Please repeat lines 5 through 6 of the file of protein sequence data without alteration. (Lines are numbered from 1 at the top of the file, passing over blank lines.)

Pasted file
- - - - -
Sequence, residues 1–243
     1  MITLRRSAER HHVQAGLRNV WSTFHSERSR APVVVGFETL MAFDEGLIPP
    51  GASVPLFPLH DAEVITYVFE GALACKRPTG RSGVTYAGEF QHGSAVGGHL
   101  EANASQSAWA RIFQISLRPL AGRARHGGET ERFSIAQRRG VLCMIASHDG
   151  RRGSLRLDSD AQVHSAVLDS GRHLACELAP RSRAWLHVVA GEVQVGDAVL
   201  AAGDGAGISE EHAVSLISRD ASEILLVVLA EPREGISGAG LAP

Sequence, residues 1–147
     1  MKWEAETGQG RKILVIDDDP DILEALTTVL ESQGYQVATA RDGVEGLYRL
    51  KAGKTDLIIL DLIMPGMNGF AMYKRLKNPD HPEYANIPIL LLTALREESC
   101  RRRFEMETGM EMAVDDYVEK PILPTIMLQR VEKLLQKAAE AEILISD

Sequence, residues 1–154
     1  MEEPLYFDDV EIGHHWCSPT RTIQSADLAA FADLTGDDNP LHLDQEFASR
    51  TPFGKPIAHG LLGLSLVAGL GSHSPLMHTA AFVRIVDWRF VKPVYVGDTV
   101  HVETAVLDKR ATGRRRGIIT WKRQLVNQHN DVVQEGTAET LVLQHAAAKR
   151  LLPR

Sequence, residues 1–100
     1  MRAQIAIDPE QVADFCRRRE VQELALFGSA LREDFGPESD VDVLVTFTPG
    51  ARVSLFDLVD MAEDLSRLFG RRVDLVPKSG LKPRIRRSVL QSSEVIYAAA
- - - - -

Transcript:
   151  RRGSLRLDSD AQVHSAVLDS GRHLACELAP RSRAWLHVVA GEVQVGDAVL
   201  AAGDGAGISE EHAVSLISRD ASEILLVVLA EPREGISGAG LAP